Ataxia-Pancytopenia Syndrome Is Caused by Missense Mutations in SAMD9L.

Publication Type:

Journal Article


American journal of human genetics, Volume 98, Issue 6, p.1146-58 (2016)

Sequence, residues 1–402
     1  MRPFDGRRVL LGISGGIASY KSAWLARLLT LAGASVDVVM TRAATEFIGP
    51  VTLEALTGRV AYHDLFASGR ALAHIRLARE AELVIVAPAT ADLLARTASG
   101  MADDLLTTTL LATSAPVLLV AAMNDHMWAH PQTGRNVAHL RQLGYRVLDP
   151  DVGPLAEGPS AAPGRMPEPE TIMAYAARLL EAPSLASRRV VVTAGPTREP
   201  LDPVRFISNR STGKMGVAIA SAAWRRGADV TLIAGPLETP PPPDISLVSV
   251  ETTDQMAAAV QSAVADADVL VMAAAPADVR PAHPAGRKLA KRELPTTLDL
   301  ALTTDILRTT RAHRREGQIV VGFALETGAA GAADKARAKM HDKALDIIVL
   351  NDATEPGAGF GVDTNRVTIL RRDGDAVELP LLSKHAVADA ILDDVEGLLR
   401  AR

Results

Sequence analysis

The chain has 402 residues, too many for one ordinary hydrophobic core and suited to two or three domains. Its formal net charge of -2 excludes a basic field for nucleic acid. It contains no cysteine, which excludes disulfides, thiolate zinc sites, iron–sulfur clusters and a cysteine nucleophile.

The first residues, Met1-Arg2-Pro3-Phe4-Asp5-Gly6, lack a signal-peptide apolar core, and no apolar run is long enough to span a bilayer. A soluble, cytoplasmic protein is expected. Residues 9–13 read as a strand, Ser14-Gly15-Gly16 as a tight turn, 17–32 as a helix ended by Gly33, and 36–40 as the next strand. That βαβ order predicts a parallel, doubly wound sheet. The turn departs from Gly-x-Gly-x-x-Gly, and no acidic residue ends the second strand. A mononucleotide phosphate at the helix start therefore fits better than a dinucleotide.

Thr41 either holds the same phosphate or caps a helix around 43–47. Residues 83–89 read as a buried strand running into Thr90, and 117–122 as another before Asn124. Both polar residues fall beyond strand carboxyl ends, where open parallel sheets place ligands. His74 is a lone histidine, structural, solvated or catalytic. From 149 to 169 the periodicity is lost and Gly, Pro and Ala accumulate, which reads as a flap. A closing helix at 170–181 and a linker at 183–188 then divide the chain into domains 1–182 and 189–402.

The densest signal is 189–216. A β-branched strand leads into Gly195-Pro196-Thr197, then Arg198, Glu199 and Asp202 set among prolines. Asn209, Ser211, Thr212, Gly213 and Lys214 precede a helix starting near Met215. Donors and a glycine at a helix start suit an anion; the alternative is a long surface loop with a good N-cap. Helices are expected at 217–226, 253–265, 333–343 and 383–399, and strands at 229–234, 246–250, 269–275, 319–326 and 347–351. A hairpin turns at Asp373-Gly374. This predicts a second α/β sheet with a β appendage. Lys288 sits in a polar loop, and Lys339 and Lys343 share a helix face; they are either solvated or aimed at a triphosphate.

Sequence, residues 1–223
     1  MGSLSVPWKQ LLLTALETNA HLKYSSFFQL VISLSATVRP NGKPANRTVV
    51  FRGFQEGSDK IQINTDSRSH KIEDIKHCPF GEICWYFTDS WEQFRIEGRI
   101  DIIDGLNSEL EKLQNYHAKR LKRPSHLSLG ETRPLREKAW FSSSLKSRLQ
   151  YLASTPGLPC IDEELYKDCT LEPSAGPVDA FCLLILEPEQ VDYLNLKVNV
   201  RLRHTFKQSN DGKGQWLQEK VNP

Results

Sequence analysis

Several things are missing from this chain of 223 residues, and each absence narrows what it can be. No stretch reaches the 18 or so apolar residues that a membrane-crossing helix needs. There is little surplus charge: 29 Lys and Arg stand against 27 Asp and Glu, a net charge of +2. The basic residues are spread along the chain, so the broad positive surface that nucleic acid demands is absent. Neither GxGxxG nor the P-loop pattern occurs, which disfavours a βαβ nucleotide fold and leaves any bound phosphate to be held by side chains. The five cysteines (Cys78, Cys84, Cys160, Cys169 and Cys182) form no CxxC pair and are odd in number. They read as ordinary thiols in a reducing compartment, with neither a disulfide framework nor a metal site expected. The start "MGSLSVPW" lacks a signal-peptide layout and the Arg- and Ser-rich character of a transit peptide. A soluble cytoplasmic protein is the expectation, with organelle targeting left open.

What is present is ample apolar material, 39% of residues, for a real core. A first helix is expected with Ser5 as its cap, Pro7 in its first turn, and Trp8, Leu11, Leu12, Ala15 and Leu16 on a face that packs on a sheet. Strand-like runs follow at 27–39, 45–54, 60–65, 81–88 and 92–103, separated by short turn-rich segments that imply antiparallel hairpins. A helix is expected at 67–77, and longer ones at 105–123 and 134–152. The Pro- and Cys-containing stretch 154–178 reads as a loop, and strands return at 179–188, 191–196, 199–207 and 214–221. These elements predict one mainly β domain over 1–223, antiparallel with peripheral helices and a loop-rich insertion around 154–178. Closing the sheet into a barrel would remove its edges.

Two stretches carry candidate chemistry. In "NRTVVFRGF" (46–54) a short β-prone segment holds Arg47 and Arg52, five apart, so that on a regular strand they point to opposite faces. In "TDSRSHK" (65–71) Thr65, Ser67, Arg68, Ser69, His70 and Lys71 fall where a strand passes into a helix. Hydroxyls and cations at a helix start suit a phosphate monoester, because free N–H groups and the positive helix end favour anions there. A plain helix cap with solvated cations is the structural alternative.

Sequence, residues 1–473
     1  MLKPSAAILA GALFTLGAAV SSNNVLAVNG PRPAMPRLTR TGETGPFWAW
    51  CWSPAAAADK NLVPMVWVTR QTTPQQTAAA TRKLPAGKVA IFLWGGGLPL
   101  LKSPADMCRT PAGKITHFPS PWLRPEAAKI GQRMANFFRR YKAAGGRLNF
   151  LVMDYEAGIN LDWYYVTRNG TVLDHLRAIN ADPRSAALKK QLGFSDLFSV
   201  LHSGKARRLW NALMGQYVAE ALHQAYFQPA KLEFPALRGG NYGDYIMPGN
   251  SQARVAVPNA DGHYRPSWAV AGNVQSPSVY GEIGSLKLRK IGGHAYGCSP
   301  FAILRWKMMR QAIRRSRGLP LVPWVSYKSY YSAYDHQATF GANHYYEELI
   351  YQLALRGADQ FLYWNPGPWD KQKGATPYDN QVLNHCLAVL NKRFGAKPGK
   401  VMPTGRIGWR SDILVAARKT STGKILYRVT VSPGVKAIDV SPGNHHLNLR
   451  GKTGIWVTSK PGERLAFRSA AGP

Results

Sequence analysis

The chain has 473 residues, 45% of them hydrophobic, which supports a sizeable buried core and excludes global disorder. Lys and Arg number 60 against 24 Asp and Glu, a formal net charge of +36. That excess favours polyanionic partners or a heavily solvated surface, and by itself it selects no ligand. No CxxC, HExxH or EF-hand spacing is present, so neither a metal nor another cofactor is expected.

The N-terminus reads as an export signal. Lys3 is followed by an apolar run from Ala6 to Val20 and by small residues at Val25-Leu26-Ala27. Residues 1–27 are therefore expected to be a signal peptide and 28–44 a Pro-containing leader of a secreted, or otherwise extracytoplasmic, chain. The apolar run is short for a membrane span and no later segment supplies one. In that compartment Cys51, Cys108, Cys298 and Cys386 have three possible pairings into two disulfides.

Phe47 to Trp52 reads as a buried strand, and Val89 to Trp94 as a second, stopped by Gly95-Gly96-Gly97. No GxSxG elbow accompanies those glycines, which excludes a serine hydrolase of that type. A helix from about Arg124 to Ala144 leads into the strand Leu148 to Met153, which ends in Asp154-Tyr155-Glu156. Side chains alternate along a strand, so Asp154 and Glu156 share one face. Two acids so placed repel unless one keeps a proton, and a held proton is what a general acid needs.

Ataxia-pancytopenia (AP) syndrome is characterized by cerebellar ataxia, variable hematologic cytopenias, and predisposition to marrow failure and myeloid leukemia, sometimes associated with monosomy 7. Here, in the four-generation family UW-AP, linkage analysis revealed four regions that provided the maximal LOD scores possible, one of which was in a commonly microdeleted chromosome 7q region. Exome sequencing identified a missense mutation (c.2640C>A, p.His880Gln) in the sterile alpha motif domain containing 9-like gene (SAMD9L) that completely cosegregated with disease. By targeted sequencing of SAMD9L, we subsequently identified a different missense mutation (c.3587G>C, p.Cys1196Ser) in affected members of the first described family with AP syndrome, Li-AP. Neither variant is reported in the public databases, both affect highly conserved amino acid residues, and both are predicted to be damaging. With time in culture, lymphoblastic cell lines (LCLs) from two affected individuals in family UW-AP exhibited copy-neutral loss of heterozygosity for large portions of the long arm of chromosome 7, resulting in retention of only the wild-type SAMD9L allele. Newly established LCLs from both individuals demonstrated the same phenomenon. In addition, targeted capture and sequencing of SAMD9L in uncultured blood DNA from both individuals showed bias toward the wild-type allele. These observations indicate in vivo hematopoietic mosaicism. The hematopoietic cytopenias that characterize AP syndrome and the selective advantage for clones that have lost the mutant allele support the postulated role of SAMD9L in the regulation of cell proliferation. Furthermore, we show that AP syndrome is distinct from the dyskeratoses congenita telomeropathies, with which it shares some clinical characteristics.